Bethesda briefly lent the license to Obsidian Entertainment (a company founded by Black Isle veterans) and they gave us Fallout: New Vegas. Obsidian had somehow managed to make the best of the Gamebryo engine on which Fallout 3 ran and give us a narrative experience that was much closer to the original series. Even some of the purists mentioned above hailed the game as being good, so when Fallout 4 was announced, there was a vocal backlash against it being developed by Bethesda and not Obsidian. When some of the changes and overhauls were revealed, it was the Fallout 3 era purists’ turn to complain. It looked like we were going to see another generational war and war…war never-
No. We’re not doing that. Anyway, I think we have enough context for the series and my relationship with it now.
Fallout 4. Finally.
The game starts off with a live-action black and white sequence and a monologue on war, before we are introduced to our potential protagonists, their default names Nate and Nora, husband and wife, parents of baby Shaun. The character creator is pretty extensive, opting for a sculpting system similar to what you may see in EVE Online, rather than the usual sliders. You start the game in a hazy pre-war sequence in a colorful American suburb just as a Vault-Tec representative is trying to notify you that you’ve been selected to live in a “vault”: a high-tech nuclear shelter built to sustain many people for long periods of time in the case of thermonuclear war. Highly serendipitous, seeing how war begins several minutes later and your assigned Vault 111 is within desperate fleeing distance from your house. Series veterans will know that the Vaults were actually designed as (or retconned into) behavioral experiments, each of them having their own special gimmick. In the case of Vault 111, the gimmick is that the inhabitants are cryogenically frozen in order to study its effects. I won’t give away what happens next exactly, but I will say that you awaken exactly 200 years after the war and your canonical protagonist name this time around is The Sole Survivor.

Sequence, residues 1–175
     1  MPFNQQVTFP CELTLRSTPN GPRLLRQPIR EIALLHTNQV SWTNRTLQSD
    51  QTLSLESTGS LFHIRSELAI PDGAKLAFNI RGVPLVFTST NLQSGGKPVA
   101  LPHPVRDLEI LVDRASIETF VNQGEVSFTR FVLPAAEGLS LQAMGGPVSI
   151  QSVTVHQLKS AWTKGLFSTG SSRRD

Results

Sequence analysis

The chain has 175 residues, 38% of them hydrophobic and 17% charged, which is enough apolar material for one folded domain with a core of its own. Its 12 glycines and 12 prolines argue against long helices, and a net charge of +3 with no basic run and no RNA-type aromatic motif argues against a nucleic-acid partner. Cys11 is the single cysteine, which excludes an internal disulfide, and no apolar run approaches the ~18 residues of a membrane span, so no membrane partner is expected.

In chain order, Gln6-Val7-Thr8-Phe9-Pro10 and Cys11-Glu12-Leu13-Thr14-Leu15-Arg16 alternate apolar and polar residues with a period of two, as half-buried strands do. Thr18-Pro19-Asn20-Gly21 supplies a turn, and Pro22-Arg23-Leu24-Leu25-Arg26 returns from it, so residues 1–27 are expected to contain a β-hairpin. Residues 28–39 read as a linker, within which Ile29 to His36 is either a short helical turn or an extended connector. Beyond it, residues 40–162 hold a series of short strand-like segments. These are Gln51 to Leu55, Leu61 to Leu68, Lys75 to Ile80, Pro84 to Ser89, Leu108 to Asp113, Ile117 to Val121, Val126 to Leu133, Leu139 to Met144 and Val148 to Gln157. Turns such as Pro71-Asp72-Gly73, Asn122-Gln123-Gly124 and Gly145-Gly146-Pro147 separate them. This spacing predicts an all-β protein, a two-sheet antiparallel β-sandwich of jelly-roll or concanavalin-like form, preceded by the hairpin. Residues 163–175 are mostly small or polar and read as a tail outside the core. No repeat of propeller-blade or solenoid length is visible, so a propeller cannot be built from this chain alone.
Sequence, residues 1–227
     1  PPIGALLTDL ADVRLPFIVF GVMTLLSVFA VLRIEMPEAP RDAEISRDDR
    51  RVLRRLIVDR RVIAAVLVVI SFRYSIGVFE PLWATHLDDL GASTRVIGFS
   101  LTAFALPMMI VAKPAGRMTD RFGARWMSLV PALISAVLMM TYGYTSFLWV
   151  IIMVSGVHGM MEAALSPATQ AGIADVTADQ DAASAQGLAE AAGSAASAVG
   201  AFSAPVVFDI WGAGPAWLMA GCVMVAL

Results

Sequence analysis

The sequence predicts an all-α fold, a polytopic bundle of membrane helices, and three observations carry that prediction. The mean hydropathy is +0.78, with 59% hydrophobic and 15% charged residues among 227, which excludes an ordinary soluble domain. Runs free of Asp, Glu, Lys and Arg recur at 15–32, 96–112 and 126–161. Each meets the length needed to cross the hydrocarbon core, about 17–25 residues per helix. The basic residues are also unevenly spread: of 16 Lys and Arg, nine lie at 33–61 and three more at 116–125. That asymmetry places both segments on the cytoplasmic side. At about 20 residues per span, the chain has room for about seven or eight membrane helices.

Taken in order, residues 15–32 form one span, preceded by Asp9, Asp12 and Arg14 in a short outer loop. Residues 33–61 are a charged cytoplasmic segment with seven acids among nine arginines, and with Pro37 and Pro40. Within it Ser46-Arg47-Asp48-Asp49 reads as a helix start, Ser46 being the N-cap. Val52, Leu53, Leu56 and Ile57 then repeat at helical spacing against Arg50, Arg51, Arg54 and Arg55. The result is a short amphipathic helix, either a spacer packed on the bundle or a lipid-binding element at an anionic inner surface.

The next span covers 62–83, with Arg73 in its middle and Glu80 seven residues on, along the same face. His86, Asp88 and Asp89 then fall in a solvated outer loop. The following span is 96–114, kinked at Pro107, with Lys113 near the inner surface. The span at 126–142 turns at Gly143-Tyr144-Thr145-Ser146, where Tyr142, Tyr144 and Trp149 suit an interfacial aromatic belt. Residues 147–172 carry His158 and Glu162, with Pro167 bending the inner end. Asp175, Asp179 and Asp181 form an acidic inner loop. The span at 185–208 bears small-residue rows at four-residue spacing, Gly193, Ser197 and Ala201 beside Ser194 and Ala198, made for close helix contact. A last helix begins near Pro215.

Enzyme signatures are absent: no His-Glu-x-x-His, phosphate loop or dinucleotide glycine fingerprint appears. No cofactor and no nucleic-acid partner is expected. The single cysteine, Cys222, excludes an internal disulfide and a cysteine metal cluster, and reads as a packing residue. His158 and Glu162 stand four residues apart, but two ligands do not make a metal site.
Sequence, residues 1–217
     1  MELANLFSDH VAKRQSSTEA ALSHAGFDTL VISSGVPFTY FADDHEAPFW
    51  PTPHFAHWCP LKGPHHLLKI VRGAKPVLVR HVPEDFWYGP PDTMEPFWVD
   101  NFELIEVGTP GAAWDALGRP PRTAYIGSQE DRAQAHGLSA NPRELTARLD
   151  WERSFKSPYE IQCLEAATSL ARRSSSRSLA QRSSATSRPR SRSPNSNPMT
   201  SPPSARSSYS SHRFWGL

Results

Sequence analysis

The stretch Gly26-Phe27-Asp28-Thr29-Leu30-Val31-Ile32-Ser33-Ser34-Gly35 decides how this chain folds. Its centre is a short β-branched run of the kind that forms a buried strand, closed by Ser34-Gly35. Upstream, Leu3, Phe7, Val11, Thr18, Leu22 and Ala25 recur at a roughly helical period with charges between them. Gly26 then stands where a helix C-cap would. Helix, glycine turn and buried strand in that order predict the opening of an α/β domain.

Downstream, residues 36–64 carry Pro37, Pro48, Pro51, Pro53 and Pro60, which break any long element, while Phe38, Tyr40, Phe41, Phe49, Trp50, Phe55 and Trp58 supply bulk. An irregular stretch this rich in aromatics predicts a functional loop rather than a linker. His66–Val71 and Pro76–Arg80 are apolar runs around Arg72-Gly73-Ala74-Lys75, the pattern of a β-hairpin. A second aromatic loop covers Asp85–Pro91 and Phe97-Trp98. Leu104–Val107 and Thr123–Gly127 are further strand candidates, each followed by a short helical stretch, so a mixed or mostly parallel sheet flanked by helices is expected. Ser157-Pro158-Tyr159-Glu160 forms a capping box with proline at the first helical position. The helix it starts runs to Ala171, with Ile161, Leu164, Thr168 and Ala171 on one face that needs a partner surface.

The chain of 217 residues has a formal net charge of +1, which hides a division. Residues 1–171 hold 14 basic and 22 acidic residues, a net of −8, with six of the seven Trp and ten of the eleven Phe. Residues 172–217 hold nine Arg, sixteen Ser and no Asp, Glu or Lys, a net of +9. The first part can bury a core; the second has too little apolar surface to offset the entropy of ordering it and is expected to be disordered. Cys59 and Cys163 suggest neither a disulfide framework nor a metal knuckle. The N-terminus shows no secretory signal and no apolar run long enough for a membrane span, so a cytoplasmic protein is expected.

Exiting the Vault and once more having the sudden rush of daylight blind me for a split second before seeing the Boston area hills and valleys slowly fade in was nothing short of exhilarating. This was Fallout 4. I was playing Fallout 4. The first character you’re likely to meet is your old Mr. Handy robot Codsworth who, based on how common a name your character has, can say your name and scare the shit out of you. After a brief spat with it during the introduction sequence this is where you’re given some more time with the new dialogue system. Rather than having a list of verbose dialogue options as in previous games, Fallout 4 opts for a system resembling the dialogue wheel seen in latter day Bioware games. Also similarly to these, we now have a voiced protagonist and more cinematic, cutscene-like dialogue sequences with different camera angles focusing on whomever is speaking. We’ll be revisiting this topic in a little bit.